This obscure American International Pictures release was shot as GOD BLESS YOU, UNCLE SAM in late-1969, but didn't hit theatres until nearly three years later, under various titles and with ridiculously disparate ad campaigns. WILD IN THE SKY sold the film as a groovy action-thriller, BLESS THE BOMB appeared to be a "far out" farce and BLACK JACK -- capitalizing on 6th-billed Georg Stanford Brown's success on TV's THE ROOKIES -- looked like typical blaxploitation (with AIP double-billing the film with BLACK CAESAR for its New York City run). So what exactly is this thing? An awkward blend of limp counterculture trappings, underbaked comic ideas and floundering character actors, which fails on almost every level... Draft-dodgers Josh (Brandon De Wilde, best known as the whiny li'l kid in SHANE), Woody (Phil Vandervort) and Lynch (Brown) are being driven to prison when their good-ol'-boy police escort (Dub Taylor) makes a piss-stop, gets knocked into an outhouse's shithole and the trio escapes. Not the brightest fugitives, the threesome avoids capture by sneaking onto an Air Force base in the middle of the night and hiding inside a B-52 bomber equipped with a Hydrogen Bomb. Once in the air, our stowaways take the crew hostage and arm this nuke, but don't have any concrete plan about what to do next. Meanwhile, Keenan Wynn's bombastic general (who has misappropriated millions of dollars for his own personal golf course) attempts to cover up this snafu. DR. STRANGELOVE, it ain't... Sluggishly directed by William T. Naud (whose only previous features were the '60s auto-racing cheapies HOT ROD HULLABALOO and THUNDER IN DIXIE), its convoluted script -- credited to Dick Gautier (GET SMART robot Hymie) and Naud, with HOLLYWOOD SQUARES host Peter Marshall receiving a story credit -- is peppered with broad slapstick, clumsy misunderstandings and leaden satire. On the upside, it includes plenty of familiar faces as supporting government and military officials, most of whom are either blithely self-serving or thoroughly incompetent. There's Larry Hovis (HOGAN'S HEROES) and Jack Riley (THE BOB NEWHART SHOW); Robert Lansing is a major onboard this hijacked flight; Tim O'Connor is a pissed-off senator; James Daly (father of Tyne Daly and then-current father-in-law of Stanford Brown) plays a macho, bullshit-spewing US President who tries to negotiate with these "adolescent twerps"; while the only intermittent chuckles originate from the B-52's eccentric flight crew, consisting of Gautier, future LOVE BOAT physician Bernie Kopell and Joe Turkel (THE SHINING, BLADE RUNNER) in a refreshingly comedic change of pace. On the other hand, Stanford Brown plays all of this pseudo-absurd nonsense totally serious, but his one-note 'angry black dude' is still far less grating than his conflicted peacenik cohorts. Unfortunately, top-billed, 30-year-old De Wilde (who died in a Denver camper van accident a few months after this chaotic mess was finally released) is utterly forgettable in his final screen appearance.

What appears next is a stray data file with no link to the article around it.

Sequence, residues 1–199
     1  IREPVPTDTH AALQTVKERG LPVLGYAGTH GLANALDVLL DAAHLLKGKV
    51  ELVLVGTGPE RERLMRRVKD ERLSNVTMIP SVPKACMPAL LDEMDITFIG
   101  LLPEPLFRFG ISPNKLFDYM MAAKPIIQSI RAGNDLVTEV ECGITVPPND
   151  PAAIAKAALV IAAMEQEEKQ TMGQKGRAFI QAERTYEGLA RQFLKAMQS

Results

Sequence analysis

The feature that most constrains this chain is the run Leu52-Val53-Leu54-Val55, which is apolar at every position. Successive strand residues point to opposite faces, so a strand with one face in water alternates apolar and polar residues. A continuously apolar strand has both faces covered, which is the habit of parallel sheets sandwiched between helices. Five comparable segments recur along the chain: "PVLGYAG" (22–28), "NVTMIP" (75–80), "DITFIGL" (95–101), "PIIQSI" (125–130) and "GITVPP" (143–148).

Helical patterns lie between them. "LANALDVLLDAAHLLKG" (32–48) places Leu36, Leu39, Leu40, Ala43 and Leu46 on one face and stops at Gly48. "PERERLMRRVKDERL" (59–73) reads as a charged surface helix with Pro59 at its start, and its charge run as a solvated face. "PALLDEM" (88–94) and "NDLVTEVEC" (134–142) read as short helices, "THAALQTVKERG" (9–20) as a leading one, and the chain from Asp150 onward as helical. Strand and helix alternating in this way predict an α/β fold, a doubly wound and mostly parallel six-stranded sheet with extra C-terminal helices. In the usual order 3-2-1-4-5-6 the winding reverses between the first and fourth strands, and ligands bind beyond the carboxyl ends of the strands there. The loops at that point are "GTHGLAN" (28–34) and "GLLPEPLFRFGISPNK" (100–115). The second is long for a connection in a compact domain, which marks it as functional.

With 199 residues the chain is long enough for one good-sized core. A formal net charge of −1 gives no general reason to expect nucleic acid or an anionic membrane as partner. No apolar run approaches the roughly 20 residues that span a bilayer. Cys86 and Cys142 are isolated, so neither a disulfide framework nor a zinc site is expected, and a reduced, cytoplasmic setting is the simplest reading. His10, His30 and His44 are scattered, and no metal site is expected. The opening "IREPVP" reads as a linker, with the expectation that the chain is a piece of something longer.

© 2021 by Steven Puchalski.